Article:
help our teens find the reading material

that will suit their interests and engage

them in conversations about their

reading choices.

Award winners and items on the

selection lists can be invaluable tools to assist

teens and their parents in finding reading

materials for pleasure reading or educational

pursuits. Because most award winners are

chosen from the current year’s crop of newly

published materials, library professionals can

be assured that the titles chosen are timely

and reflect contemporary reading interests.

By adding the branding of the Best of the

Best and its promotional tools to the cream

of the crop of the YALSA selection lists,

library professionals have an even better and

more comprehensive tool to direct their teen

patrons to.

Sharing award winners with teens

helps us make those great connections and

engage our teen readers, and we all love to

have those opportunities. We can use

programming like book clubs, mock award

contests, and battle of the books programs

as ways to let teens have a chance to enjoy,

discuss and contemplate the year’s crop of

winning and recognized titles.

What is

popular with

our teen

readers does

not always

match what is

chosen by an

experienced committee of professionals.

Because teens are so often opinionated in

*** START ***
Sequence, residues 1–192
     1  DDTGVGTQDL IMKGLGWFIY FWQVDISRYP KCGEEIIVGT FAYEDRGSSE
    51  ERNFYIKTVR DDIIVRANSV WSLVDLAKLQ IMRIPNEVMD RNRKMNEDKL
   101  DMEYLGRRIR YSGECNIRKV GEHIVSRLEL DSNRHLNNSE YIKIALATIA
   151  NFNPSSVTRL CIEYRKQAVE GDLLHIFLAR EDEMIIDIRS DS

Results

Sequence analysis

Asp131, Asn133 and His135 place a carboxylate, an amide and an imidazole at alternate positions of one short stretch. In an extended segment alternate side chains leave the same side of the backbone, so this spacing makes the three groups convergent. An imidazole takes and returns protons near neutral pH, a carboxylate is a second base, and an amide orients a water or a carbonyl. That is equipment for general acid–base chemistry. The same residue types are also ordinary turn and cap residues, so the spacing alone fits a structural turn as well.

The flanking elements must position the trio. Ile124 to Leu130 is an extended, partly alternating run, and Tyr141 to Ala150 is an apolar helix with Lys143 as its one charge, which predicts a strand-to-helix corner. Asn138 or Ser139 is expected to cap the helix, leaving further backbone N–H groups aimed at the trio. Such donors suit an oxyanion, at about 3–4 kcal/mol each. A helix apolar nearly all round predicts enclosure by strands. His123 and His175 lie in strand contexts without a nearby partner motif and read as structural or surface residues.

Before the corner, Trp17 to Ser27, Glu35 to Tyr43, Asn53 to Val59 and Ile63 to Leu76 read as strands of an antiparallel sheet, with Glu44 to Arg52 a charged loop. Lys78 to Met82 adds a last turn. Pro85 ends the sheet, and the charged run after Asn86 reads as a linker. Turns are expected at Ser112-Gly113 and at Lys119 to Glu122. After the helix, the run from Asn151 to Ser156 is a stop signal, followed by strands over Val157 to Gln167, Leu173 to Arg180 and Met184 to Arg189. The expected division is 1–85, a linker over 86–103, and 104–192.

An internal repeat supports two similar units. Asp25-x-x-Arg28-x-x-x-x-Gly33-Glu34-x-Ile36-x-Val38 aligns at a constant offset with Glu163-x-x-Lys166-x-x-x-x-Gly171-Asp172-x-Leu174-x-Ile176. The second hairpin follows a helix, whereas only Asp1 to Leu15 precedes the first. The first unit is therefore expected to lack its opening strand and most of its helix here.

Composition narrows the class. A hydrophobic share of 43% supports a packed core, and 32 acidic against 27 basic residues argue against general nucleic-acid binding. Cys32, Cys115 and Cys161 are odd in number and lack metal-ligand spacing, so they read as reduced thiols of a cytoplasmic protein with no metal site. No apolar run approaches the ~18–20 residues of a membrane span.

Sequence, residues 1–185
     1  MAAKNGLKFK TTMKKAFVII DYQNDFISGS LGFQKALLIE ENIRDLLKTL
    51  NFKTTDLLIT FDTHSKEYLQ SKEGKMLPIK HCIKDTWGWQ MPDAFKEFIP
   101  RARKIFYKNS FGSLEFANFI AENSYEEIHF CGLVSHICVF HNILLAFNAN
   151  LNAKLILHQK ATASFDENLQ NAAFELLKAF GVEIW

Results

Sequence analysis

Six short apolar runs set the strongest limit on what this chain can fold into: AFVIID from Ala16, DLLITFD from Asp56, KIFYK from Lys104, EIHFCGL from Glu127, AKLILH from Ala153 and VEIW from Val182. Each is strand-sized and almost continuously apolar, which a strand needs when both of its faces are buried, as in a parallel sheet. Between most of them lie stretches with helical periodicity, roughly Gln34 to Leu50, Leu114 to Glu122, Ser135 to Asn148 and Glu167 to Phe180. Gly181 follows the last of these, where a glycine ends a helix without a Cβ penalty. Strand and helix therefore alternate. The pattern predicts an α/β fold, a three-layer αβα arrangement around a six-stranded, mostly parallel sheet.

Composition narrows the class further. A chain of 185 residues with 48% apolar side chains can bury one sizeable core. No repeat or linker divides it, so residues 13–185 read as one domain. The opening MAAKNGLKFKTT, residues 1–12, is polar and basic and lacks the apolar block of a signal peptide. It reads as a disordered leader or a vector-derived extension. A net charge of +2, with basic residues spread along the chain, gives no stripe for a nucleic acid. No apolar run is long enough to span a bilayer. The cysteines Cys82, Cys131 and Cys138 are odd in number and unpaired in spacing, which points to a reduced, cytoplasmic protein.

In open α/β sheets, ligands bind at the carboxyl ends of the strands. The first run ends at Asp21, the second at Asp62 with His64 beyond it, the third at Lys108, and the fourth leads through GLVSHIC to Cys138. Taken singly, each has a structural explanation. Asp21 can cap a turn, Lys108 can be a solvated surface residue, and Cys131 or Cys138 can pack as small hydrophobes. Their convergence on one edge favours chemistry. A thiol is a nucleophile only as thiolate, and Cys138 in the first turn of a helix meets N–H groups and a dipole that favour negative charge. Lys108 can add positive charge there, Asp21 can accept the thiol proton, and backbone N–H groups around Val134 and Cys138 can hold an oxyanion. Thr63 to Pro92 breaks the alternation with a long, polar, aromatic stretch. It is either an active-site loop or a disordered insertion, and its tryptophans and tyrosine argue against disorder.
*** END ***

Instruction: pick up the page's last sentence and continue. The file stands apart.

their response to selected titles it is great

that we now have a chance to engage them

in the process and give them a chance to

agree or disagree with a selection

committee’s choices. With YALSA’s new

Readers’ Choice booklist (www.ala.org/

yalsa/readerschoice) and with the help of

their favorite librarian, teen readers will be

able to nominate titles of their own

choosing and see how well they stack up or

don’t stack up to vetted selection lists and

award titles.

I’m already looking forward to hearing

from teens as they begin nominating titles

and seeing whether I will find many of my

old favorites on the new Readers’ Choice

list next year or if I will be adding many

more new titles to my outrageously high

reading pile.

YALS

Spring 2011 | Young Adult Library Services | YALS 3


feature

The View from ALA

The Stonewall

Book Award for

Children’s and

Young Adult

Literature Joins the

ALA Youth Media

Awards

By Lisa Johnston

Before dawn on the morning of

January 10, 2011 at the ALA

Midwinter Meeting in San Diego,

California, the members of the 2011

Stonewall Book Award Committee,

which is a subcommittee of the GLBT-RT

(Gay, Lesbian, Bisexual, Transgender

Round Table), gathered for a photo.

This was the first time this new award

hadbeenincludedintheYouthMedia

Awards ceremonies, and needless to say

we were thrilled.

2011 was the second year the

Stonewall Children’s and Young Adult

Literature Award has been presented, but